Dancing and travel: two of the joys of the Regency. My picture of that elegant period of history is full of flowing dresses and swiftly-moving carriages.
But the balls and the journeys didn’t always end as planned, and on two memorable occasions the frivolity of the English was brought to a shocking halt not by a lame horse or a torn hem, but by the intrusion of soldiers, terror, and war.
The Breaking of the Peace of Amiens
In 1802, there was a halt to the hostilities between France and England and as a result thousands of British visitors poured into Paris. Englishmen of means had always been fond of visiting the continent, but war had stopped them from indulging in this fondness for some time. When the Peace of Amiens was signed, many of then crossed the Channel to see the sights.
In fact, a gentleman named Edmund John Eyre went over to France and wrote an account of his journey, hoping to sell it as a guidebook to other English travelers. (You can read an electronic copy here.) Alas, he was not to make much money on his endeavor, because in May of 1803, just a little over a year after peace was declared, war broke out again between the two countries.
The problem for our British travelers? When war recommenced, the French declared that all male British citizens between the ages of 18 and 60 currently in France were to be arrested. Many English tourists were trapped on the wrong side of the Channel, most of them unable to return home to England for over a decade. They went to France to see the sights, but they ended up seeing the entire war – from the wrong side.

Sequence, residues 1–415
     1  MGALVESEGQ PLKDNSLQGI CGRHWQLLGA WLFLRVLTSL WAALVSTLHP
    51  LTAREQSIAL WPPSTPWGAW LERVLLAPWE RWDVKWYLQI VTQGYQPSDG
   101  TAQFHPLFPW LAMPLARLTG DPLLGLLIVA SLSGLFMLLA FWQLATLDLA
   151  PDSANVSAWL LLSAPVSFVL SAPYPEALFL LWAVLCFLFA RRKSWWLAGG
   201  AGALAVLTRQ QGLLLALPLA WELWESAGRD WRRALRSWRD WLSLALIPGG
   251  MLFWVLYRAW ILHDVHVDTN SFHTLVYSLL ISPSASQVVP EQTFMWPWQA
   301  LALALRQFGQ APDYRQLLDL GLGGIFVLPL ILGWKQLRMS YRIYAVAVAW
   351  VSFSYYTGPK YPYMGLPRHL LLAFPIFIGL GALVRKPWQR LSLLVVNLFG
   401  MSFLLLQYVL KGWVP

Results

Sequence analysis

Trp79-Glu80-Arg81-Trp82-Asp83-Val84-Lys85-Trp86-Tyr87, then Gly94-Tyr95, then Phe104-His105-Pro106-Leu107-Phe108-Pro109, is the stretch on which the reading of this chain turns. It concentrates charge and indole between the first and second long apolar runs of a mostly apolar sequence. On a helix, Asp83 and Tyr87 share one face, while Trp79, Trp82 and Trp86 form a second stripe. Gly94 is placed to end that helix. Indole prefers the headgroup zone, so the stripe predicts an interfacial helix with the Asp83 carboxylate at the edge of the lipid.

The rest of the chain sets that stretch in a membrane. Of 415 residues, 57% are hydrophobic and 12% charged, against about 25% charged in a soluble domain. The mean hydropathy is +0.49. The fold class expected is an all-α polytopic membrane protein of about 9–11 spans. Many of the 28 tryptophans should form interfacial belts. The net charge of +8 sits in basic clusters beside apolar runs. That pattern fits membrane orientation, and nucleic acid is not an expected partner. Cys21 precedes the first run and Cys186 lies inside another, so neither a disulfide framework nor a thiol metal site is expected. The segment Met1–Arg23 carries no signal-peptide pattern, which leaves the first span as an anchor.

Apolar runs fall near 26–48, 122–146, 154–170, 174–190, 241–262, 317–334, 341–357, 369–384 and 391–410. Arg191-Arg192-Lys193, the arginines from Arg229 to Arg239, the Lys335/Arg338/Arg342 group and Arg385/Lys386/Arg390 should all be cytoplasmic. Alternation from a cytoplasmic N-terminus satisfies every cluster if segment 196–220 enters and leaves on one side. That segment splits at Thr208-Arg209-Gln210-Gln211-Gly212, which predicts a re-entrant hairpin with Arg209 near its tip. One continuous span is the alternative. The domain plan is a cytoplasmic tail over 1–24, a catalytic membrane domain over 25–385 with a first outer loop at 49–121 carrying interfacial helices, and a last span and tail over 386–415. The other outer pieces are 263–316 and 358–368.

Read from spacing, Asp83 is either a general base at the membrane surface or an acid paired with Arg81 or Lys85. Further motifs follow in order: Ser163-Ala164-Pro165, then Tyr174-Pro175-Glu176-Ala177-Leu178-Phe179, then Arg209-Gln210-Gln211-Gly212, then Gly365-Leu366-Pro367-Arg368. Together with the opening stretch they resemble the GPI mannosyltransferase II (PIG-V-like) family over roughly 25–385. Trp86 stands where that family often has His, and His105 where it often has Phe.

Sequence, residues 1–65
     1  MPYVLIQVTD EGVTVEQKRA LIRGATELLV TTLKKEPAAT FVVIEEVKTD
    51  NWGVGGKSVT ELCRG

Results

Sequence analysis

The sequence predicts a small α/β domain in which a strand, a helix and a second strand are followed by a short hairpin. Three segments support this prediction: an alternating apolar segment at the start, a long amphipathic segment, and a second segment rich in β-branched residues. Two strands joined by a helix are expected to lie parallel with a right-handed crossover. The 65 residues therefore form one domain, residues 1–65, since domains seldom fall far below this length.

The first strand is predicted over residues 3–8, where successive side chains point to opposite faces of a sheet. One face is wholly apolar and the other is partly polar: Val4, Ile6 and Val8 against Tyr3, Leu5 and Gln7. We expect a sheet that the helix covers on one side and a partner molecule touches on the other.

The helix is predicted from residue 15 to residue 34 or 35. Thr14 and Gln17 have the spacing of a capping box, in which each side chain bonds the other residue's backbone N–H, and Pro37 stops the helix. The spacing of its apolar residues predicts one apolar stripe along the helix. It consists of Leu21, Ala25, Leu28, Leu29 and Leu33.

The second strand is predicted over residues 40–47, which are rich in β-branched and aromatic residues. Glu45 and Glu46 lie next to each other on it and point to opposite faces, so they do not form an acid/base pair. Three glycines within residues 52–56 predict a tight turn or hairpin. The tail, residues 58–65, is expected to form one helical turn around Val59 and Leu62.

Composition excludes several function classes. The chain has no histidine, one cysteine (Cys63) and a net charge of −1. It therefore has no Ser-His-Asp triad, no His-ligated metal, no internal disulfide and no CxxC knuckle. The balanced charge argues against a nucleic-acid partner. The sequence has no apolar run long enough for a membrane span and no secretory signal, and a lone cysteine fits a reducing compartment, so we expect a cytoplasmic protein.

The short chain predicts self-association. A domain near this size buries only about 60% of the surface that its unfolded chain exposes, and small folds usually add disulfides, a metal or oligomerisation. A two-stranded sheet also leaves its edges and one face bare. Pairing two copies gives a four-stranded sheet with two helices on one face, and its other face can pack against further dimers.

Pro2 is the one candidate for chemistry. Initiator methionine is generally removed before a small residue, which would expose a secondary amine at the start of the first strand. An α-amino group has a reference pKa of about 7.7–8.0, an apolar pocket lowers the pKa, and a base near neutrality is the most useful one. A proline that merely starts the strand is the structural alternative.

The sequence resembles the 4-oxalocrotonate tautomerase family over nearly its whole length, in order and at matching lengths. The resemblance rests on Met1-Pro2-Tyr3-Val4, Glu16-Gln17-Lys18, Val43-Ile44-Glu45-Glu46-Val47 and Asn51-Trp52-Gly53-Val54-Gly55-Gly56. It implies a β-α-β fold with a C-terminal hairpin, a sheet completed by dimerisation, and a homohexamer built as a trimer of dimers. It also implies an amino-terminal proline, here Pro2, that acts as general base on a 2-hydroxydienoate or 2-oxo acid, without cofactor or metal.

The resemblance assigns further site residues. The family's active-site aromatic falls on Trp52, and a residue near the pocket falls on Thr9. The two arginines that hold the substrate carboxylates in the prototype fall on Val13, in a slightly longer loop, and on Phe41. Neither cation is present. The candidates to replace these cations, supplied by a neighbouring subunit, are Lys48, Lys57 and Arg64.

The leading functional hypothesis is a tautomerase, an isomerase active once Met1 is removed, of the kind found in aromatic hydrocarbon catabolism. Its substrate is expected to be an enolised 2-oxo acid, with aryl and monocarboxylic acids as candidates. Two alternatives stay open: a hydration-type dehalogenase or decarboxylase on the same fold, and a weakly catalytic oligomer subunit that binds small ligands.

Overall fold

The Duchess of Richmond’s Ball
At the other end of that long decade of war came another surprise for some pleasure-seeking English ladies and gentlemen. Once again, those who thought that the war was over were in for a shock.
In Brussels, in 1815, Lady Richmond was holding a ball attended by Wellington and many of his soldiers. There was dancing and drinking, but in the middle of the party Wellington received a message, a confirmed report that Napoleon had escaped and was coming to meet them with an entire army marching at his heels.
The people dancing at the ball didn’t know it, but they were scarce days away from one of the most famous military encounters of all time: the Battle of Waterloo. Some men even went directly from the ball to the battle at Quatre Bras still wearing their evening dress.
It’s hard to picture this happening today, with the nearly instant communication offered to us by telephones and the email. But back then, news traveled only as fast as a boat might sail or a horse might ride. In an instant, a holiday might become an exile, and a dance might become a war.